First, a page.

On the lock-down floor of Memory Care,
we who visit watch the clock, eye the exit door
as the frail and failing souls we once knew wilt
in wheelchairs parked under fluorescent lights
close to the big screen that blares the squeals
of Wheel of Fortune winners, and we wonder,
what if we could lure these frail and failing souls
to the wild, to the edge of the sand, to the edge
of the land, to the shifting borders between
what we know and what we suppose? What if
they could revel in the earth, in the air, see
the sly arch of the anchorless moon, hear
the cryptic sea crack its silky whip, feel
the sky tremble, release its mighty current of tears?
Would this save them? Bear them home?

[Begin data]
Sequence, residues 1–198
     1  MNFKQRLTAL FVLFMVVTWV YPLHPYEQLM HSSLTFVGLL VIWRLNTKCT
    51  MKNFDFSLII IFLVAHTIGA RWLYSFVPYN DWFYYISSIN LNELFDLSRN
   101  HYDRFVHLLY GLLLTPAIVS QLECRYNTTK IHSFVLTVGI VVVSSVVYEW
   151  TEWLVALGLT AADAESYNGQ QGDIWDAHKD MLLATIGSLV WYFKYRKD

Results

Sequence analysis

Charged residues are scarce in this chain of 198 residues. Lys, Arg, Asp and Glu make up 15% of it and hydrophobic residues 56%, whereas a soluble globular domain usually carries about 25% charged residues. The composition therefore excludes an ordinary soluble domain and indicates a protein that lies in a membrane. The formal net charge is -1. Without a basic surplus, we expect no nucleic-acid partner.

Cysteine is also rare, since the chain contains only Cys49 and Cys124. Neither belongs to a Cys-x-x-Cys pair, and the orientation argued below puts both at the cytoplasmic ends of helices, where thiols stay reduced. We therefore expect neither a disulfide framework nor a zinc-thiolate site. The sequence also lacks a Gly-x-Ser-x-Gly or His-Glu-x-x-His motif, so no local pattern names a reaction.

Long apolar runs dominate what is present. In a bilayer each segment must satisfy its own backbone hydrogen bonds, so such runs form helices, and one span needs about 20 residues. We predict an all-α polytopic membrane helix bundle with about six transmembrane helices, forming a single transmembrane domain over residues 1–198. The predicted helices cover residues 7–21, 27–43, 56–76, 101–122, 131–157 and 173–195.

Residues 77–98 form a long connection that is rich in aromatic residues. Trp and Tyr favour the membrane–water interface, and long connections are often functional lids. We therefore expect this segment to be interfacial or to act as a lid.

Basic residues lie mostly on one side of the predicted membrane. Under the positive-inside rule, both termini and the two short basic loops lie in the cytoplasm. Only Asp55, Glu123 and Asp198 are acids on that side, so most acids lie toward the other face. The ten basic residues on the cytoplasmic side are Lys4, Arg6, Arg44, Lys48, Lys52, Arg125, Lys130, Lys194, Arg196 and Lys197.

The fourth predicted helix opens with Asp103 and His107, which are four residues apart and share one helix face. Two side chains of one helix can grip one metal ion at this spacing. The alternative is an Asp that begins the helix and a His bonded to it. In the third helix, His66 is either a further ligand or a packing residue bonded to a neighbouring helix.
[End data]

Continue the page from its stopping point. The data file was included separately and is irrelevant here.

Irene Fick has been writing poetry her entire life, but seriously during the past seven years. Her first chapbook was published in 2014 by The Broadkill Press; her second chapbook in 2018 by Main Street Rag. Her poems have appeared in Panoplyzine, Gargoyle, Poet Lore, Philadelphia Stories and other journals. She lives in Lewes, Delaware where she is active in two writers’ organizations, participating in free writes, readings, workshops and critique groups.